Assyrian Christian leaders call for help against renewed ISIS offensive in Hassakeh

ReutersKurdish People's Protection forces guarding the Assyrian village of Tel Jumaa, north of Tel Tamr town, February 25, 2015.

Assyrian Christian leaders are calling for help as Islamic State attacks escalate in northern Syria.

Islamic State fighters launched a series of attacks in late February against Christian villages in Syria's northeastern Hassakeh province and abducted more than 200 hostages, including Assyrian Christians and Kurds. Nineteen of these Assyrians were released afterwards, while 52 more were reportedly set free by the ISIS last Thursday and Friday, according to the Rome-based agency Asia News.

Now, Assyrian Christian leaders are warning of additional attacks from the Islamic State.

"This is a very dangerous situation," Bassam Ishak, president of the Syriac National Council of Syria, warned in an article on the Assyrian International News Agency or AINA.

"The villages on the south side of the (Khabur River) are in the hands of Islamic State militants. They took Tal Nasri, which is very close to Tal Tamar," Ishak added, referring to the Syrian town that is on the crossroads that lead to Syria's second biggest city, Aleppo, and into Hassakeh province itself.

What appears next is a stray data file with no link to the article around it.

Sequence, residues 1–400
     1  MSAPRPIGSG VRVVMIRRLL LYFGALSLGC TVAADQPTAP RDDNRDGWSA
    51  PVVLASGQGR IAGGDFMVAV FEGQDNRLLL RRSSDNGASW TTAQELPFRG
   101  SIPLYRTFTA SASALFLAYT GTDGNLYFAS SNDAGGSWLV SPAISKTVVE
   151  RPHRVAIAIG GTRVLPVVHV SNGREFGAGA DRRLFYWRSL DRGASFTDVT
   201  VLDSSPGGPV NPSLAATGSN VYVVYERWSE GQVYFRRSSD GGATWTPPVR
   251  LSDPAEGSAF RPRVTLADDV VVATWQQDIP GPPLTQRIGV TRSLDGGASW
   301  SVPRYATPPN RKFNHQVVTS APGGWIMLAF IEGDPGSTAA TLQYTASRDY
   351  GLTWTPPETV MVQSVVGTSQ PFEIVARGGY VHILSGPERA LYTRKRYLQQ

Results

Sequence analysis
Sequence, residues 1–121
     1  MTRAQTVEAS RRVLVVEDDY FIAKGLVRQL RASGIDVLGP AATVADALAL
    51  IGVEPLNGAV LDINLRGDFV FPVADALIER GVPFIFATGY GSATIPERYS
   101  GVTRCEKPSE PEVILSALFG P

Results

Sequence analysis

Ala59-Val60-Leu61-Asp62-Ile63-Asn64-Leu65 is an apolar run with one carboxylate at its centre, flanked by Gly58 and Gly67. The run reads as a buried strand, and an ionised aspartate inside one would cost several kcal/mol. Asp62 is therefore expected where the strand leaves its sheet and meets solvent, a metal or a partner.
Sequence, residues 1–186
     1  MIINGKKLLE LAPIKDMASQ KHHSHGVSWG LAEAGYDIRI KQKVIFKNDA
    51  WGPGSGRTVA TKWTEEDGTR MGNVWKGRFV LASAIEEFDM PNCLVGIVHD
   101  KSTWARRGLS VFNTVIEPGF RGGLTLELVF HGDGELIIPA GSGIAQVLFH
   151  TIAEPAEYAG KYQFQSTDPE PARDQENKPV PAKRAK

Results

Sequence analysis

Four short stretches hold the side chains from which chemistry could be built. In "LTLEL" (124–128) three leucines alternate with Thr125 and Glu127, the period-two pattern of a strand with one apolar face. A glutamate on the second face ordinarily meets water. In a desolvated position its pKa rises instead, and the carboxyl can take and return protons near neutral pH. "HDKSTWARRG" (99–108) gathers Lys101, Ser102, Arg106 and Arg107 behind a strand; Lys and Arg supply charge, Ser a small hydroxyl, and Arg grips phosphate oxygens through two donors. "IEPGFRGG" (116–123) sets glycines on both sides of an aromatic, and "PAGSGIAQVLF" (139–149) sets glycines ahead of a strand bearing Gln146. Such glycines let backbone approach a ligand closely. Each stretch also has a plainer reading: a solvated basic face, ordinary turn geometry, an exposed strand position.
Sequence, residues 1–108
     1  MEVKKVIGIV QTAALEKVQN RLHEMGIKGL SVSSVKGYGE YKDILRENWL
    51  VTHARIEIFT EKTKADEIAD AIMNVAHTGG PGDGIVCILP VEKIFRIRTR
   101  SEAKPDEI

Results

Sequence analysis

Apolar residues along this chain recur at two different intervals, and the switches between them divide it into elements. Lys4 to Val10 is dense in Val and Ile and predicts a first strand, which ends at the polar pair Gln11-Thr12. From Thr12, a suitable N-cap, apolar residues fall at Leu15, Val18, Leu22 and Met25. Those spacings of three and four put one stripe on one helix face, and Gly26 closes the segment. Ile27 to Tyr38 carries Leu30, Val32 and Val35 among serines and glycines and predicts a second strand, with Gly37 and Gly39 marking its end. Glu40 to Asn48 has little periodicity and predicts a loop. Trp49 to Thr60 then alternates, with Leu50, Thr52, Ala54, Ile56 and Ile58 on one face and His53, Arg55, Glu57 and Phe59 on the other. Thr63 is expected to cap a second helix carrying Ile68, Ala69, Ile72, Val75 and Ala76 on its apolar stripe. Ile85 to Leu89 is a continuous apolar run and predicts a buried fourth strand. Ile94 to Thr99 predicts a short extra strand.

Ishak's organisation, together with the the European Syriac Union, and the Christian Coalition for Syria, also released a joint statement describing the full situation that Christians in Hassakeh province face.

"(The Islamic State) try to cross the Khabur with large numbers of fighters and heavy weapons," the statement said. It went on to describe the apparent strength of the Islamic State forces that are allegedly preparing to step up offensives more powerful than the Kurdish and Christian militias combined.

The statement said that the Khabur River's water level has dropped and that the ISIS could be preparing to cross. The groups urged Turkey to increase the water flow in the Khabur in an attempt to deter the militants' progress.

The groups are requesting that Turkey re-open its borders so refugees can cross to safety 

"1.5 million Christians, Kurds, and other civilians are at risk," the statement added. "(There is an) urgent need for more international humanitarian and military assistance,"

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